But seek first his kingdom and his righteousness, and all these things will be given to you as well”.

Once we put Jesus first in our life all our priorities fall second to that and Jesus promises to then Guide and provide for us.

  1. Jesus the Source of Eternal Fellowship

 In John 11: 25, Jesus declares,

“I am the resurrection and the life”,

which means that through him we have access to the gift of eternal life which I have already said, starts now and continues after death with God in Heaven. The key is Jesus wants to have fellowship with us, he wants to be part of our lives Guiding and providing, fighting for us and leading us to heaven like a Good Shepherd guiding his sheep to good pastures.

Paul was not afraid of death, in fact he seemed to be looking forward to it Philippians 1: 23 – 26 we read,

“I am torn between the two: I desire to depart and be with Christ, which is better by far; 24 but it is more necessary for you that I remain in the body. 25 Convinced of this, I know that I will remain, and I will continue with all of you for your progress and joy in the faith,

 26 so that through my being with you again your joy in Christ Jesus will overflow on account of me”.

 Paul is saying, for him, it does not matter if he lives or dies because in both states he has Jesus with him and he determines when he will die and depart to be fully with him forever.


 We have learnt from Psalm 23 how God through Jesus is our Shepherd who

leads and provides for us, even during the tough times as well as the good times

of life.

Our response should be to simply follow Jesus.

We provide absolutely nothing towards how and if we are saved or helped by God. Our salvation is all done by God out of Grace, love that is not deserved.

Of course, once we realize what God has done for us our response is to love him back so much we begin to actually live the way we were meant to live and do the things God wants us to do. I close with Paul’s words Ephesians 2: 8 – 10)

“For it is by grace you have been saved, through faith—and this not from yourselves, it is the gift of God— 9 not by works, so that no one can boast. 10 For we are God’s workmanship, created in Christ Jesus to do good works, which God prepared in advance for us to do”.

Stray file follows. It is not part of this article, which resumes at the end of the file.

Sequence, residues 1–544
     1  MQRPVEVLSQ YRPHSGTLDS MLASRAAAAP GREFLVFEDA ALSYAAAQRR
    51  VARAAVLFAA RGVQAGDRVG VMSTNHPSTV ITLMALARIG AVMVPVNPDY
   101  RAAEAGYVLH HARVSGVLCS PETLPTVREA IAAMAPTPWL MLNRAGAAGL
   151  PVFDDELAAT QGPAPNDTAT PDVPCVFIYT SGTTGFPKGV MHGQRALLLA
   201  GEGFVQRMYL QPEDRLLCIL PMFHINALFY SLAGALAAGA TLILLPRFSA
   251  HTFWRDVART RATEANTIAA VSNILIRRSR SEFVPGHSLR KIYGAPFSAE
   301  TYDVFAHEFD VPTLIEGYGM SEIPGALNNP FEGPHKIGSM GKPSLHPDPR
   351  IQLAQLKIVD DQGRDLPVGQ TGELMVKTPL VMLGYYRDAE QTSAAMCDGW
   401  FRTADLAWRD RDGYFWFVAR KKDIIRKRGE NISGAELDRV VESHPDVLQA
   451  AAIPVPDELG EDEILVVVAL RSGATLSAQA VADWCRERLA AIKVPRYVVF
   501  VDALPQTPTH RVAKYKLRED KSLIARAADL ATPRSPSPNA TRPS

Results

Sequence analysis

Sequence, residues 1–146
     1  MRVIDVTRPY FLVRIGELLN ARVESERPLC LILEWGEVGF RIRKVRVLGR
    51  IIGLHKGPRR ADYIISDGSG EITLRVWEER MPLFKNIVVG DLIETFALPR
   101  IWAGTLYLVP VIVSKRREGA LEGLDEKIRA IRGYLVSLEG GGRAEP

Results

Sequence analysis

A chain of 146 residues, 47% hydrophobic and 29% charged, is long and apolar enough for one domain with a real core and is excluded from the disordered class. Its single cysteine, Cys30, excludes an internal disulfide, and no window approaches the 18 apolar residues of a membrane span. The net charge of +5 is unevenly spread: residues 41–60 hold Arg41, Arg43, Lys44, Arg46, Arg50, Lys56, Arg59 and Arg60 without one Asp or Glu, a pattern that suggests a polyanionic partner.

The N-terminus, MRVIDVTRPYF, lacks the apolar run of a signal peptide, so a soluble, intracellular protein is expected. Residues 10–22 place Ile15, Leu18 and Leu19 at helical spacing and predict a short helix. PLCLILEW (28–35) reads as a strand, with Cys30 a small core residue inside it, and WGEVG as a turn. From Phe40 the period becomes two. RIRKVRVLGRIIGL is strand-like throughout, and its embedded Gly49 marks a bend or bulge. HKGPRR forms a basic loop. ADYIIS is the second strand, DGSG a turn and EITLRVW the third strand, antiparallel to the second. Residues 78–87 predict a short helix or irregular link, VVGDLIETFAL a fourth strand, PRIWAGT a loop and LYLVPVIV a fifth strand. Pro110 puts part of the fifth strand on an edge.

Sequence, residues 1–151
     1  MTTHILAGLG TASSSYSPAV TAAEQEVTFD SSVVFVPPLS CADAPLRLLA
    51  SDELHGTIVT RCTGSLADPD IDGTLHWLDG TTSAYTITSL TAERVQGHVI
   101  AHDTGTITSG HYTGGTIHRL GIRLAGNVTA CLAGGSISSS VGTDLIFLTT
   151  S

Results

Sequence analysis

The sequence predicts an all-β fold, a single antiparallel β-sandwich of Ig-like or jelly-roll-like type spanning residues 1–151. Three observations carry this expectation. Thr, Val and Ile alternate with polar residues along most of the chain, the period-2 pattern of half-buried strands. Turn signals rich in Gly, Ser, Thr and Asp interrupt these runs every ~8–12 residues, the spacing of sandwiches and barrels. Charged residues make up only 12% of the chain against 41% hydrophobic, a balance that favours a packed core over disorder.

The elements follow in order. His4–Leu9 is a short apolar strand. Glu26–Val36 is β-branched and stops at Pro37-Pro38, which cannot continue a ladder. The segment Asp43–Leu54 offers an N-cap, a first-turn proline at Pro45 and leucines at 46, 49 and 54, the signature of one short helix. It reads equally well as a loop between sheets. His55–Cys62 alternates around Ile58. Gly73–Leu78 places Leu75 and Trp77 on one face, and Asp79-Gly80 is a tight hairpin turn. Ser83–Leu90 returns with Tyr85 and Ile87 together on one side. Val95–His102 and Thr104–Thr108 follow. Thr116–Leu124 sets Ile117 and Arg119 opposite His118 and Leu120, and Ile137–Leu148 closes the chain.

Let me read to you the poem based on this Psalm


(Based on Psalm 23 the brave Victorian and St Marys firefighters)

 The Lord is my fire fighter

In him I have everything.

He leads me through to fields of green

From the fields of fire,

To pools of fresh water.

He watches over me every hour.


The Lord gives me hope to live

His strength makes me strong.

He guides me and shows me the way

Even when I go through living hell,

And death is all around me,

He makes a place for me to dwell.


The Lord is always with me

Even if I lose everything

I know the Lord will pull me through.

So, I will not be afraid,

For the Lord will take my hand

And lead me to a place he’s made.


The Lord invites me to a banquet

Where with friends we will gather.

He treats me as an honoured guest.

He always makes a drink for me

And even in my darkest hour

His blessings overwhelm me.


The Lord gives goodness and love

He will be with me all my days

And one day I will go to be with him

In a house he has made.

A house that cannot be destroyed

For their real joy will never fade.


Jim Wenman



 Father in heaven, thank you for sending your Son, Jesus Christ, to this world to die and rise for us. Thank you that he is our Shepherd who guides us even through the darkest times of life. Help us as a result of this go out into the world each day to serve you by doing the good works you have prepared for us to do. In Jesus name we pray this amen.